Wave-Off!: A History of LSOs and Ship-Board Landings

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From the beginning, landing airplanes on ships at sea has been considered the ultimate challenge in aviation. The success of generations of aircraft carrier operations would never have been possible without the Landing Signal Officer, or LSO. A full history of the LSO has never been published before now. The major changes brought about by visual landing aids and angled decks are nothing less than revolutionary, and these features are explained by a seasoned Naval Aviator who flew attack jets from carriers.

This book tells the story of LSOs from the first carrier operations in 1922 through World War II, the early jet era, Korea, Vietnam, and up to today's nuclear-powered leviathans. Also explained are naval aircraft and equipment development through the years; it covers both the faster and heavier aircraft and the changes in shipboard flight-deck systems. Diagrams showing the evolution of aircraft carrier deck design from World War I to the present are also included.
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I Could Never Be So Lucky Again

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After Pearl Harbor, he led America’s flight to victory

General Doolittle is a giant of the twentieth century. He did it all.
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The Final Mission of Extortion 17: Special Ops, Helicopter Support, SEAL Team Six, and the Deadliest Day of the U.S. War in Afghanistan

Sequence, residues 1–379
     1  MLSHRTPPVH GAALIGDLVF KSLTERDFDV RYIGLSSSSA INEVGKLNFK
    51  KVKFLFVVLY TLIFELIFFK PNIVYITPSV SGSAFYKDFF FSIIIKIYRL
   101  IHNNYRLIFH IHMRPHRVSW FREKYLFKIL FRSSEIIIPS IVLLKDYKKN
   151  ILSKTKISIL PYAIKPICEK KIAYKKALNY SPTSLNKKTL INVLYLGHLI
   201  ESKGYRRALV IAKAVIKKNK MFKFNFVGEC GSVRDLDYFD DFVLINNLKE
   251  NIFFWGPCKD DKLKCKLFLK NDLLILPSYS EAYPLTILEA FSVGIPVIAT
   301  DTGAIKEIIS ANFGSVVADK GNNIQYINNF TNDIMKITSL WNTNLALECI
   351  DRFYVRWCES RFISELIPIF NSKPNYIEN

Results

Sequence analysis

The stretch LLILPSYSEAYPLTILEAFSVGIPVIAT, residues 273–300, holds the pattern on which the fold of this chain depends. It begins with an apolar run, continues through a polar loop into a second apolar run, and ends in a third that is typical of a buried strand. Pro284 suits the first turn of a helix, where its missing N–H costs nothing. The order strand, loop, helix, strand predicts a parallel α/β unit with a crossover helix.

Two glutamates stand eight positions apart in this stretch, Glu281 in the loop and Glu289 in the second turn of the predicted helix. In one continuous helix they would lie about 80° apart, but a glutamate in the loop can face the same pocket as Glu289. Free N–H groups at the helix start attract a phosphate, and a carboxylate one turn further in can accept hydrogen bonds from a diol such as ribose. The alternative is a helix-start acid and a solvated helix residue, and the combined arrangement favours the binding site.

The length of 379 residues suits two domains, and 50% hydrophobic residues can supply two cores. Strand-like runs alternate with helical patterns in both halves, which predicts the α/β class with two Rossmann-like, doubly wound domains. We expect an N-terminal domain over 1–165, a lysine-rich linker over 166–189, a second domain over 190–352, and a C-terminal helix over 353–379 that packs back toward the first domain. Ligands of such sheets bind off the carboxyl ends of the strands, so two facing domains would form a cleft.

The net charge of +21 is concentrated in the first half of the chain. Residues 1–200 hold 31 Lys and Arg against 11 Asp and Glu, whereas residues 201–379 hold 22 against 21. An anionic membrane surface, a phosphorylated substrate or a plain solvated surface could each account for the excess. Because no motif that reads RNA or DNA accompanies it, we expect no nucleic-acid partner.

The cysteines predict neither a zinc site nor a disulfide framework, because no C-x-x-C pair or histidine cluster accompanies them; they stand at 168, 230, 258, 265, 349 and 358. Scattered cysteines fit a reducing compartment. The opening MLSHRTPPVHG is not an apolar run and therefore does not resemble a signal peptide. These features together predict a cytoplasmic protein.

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On August 6, 2011, a U.S. Army CH-47D Chinook helicopter approached a landing zone in Afghanistan 40 miles southwest of Kabul. The helicopter, call sign Extortion 17, was on a mission to reinforce American and coalition special operations troops. It would never return. Insurgents fired at the Chinook, severed one of its rear rotor blades, and brought it crashing to the ground. All 38 onboard perished instantly in the single greatest moment of sacrifice for Americans in the war in Afghanistan. Those killed were some of the U.S.'s most highly trained and battle-honed commandos, including 15 men from the Gold Squadron of the Naval Special Warfare Development Group, known popularly as SEAL Team 6, which had raided a Pakistan compound and killed Osama bin Laden just three months earlier. The downing of Extortion 17 spurred a number of conspiracy theories, such as the idea that the shootdown was revenge for bin Laden's death. In The Final Mission of Extortion 17, Ed Darack debunks this theory and others and uncovers the truth behind this mysterious tragedy. His account of the brave pilots, crew, and passengers of Extortion 17 and the events of that fateful day is interwoven into a rich, complex narrative that also discusses modern joint combat operations, the history of the Afghan war to that date, U.S. helicopter use in Afghanistan, and the new and evolving military technologies and tactics being developed to mitigate such tragedies now and in the future.

Mosquito to Berlin: Story of ‘Bertie’ Boulter DFC, One of Bennett’s Pathfinders

Reviews of Mosquito to Berlin: Story of ‘Bertie’ Boulter DFC, One of Bennett’s Pathfinders. Mosquito to Berlin: Story of ‘Bertie’ Boulter DFC, One of Bennett’s Pathfinders eBook: Peter Bodle FRAeS: Kindle Store. Buy online at Aviation Bookstore.